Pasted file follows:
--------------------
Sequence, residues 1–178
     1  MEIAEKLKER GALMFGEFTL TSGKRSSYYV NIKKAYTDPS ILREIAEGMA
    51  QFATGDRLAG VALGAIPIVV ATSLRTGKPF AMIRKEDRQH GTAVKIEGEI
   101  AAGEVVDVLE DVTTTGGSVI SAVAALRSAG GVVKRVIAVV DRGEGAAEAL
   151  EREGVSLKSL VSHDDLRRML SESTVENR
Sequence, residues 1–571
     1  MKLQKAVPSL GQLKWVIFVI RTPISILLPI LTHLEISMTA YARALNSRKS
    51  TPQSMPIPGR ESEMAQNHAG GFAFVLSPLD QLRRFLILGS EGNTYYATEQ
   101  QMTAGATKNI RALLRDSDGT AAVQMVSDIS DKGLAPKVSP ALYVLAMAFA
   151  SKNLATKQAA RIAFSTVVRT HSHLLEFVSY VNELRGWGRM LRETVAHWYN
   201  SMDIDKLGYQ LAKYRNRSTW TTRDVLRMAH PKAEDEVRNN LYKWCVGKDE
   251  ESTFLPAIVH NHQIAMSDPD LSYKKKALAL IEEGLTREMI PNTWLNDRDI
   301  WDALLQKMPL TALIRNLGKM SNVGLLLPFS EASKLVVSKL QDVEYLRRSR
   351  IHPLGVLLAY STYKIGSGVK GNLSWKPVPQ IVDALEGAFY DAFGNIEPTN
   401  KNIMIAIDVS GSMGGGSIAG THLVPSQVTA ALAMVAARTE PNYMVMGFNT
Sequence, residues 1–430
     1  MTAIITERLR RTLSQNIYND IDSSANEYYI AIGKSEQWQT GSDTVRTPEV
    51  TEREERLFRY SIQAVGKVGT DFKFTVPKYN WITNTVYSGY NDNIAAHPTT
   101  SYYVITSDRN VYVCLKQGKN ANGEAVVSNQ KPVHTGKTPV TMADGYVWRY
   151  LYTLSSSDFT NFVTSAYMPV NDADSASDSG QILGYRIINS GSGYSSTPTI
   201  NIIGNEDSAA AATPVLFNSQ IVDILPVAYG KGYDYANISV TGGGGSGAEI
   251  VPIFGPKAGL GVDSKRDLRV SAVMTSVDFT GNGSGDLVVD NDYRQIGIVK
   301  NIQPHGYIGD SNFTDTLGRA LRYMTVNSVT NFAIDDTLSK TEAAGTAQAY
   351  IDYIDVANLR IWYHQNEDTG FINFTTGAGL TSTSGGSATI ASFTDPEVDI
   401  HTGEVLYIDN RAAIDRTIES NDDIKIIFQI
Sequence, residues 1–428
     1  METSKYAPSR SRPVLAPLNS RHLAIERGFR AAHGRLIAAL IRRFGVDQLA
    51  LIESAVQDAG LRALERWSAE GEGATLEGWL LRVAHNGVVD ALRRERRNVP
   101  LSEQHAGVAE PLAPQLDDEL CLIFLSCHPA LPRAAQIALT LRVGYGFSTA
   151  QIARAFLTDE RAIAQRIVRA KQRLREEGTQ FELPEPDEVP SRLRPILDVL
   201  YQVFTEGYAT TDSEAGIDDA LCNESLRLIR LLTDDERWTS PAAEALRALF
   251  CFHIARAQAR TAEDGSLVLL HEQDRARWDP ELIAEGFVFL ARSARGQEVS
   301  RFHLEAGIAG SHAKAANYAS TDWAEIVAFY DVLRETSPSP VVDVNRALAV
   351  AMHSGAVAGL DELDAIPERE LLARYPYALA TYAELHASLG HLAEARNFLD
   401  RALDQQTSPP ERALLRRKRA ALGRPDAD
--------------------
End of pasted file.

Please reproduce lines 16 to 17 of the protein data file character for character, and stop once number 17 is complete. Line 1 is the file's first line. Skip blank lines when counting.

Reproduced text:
Sequence, residues 1–430
     1  MTAIITERLR RTLSQNIYND IDSSANEYYI AIGKSEQWQT GSDTVRTPEV